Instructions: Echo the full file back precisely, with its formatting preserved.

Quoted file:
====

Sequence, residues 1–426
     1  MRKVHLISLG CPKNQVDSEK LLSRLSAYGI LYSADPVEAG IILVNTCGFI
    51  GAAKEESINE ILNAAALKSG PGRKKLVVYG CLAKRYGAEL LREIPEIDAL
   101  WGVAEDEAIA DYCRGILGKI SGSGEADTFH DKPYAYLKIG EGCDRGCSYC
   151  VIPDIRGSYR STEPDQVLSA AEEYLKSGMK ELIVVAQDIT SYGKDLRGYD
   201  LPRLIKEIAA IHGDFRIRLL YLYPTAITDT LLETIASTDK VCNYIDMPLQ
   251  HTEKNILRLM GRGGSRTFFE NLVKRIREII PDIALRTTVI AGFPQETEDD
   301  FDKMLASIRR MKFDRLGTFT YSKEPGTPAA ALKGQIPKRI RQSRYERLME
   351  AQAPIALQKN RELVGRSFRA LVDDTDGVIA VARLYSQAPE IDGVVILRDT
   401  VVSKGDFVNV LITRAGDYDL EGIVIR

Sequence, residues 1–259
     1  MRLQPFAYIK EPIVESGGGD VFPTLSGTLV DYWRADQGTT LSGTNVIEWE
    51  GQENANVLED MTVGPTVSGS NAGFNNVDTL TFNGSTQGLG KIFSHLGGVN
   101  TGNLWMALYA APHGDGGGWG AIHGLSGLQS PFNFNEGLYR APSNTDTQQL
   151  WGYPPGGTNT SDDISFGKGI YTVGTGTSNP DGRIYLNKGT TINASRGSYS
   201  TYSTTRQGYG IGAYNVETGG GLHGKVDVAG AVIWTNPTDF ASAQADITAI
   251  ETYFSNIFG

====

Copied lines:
Sequence, residues 1–426
     1  MRKVHLISLG CPKNQVDSEK LLSRLSAYGI LYSADPVEAG IILVNTCGFI
    51  GAAKEESINE ILNAAALKSG PGRKKLVVYG CLAKRYGAEL LREIPEIDAL
   101  WGVAEDEAIA DYCRGILGKI SGSGEADTFH DKPYAYLKIG EGCDRGCSYC
   151  VIPDIRGSYR STEPDQVLSA AEEYLKSGMK ELIVVAQDIT SYGKDLRGYD
   201  LPRLIKEIAA IHGDFRIRLL YLYPTAITDT LLETIASTDK VCNYIDMPLQ
   251  HTEKNILRLM GRGGSRTFFE NLVKRIREII PDIALRTTVI AGFPQETEDD
   301  FDKMLASIRR MKFDRLGTFT YSKEPGTPAA ALKGQIPKRI RQSRYERLME
   351  AQAPIALQKN RELVGRSFRA LVDDTDGVIA VARLYSQAPE IDGVVILRDT
   401  VVSKGDFVNV LITRAGDYDL EGIVIR

Sequence, residues 1–259
     1  MRLQPFAYIK EPIVESGGGD VFPTLSGTLV DYWRADQGTT LSGTNVIEWE
    51  GQENANVLED MTVGPTVSGS NAGFNNVDTL TFNGSTQGLG KIFSHLGGVN
   101  TGNLWMALYA APHGDGGGWG AIHGLSGLQS PFNFNEGLYR APSNTDTQQL
   151  WGYPPGGTNT SDDISFGKGI YTVGTGTSNP DGRIYLNKGT TINASRGSYS
   201  TYSTTRQGYG IGAYNVETGG GLHGKVDVAG AVIWTNPTDF ASAQADITAI
   251  ETYFSNIFG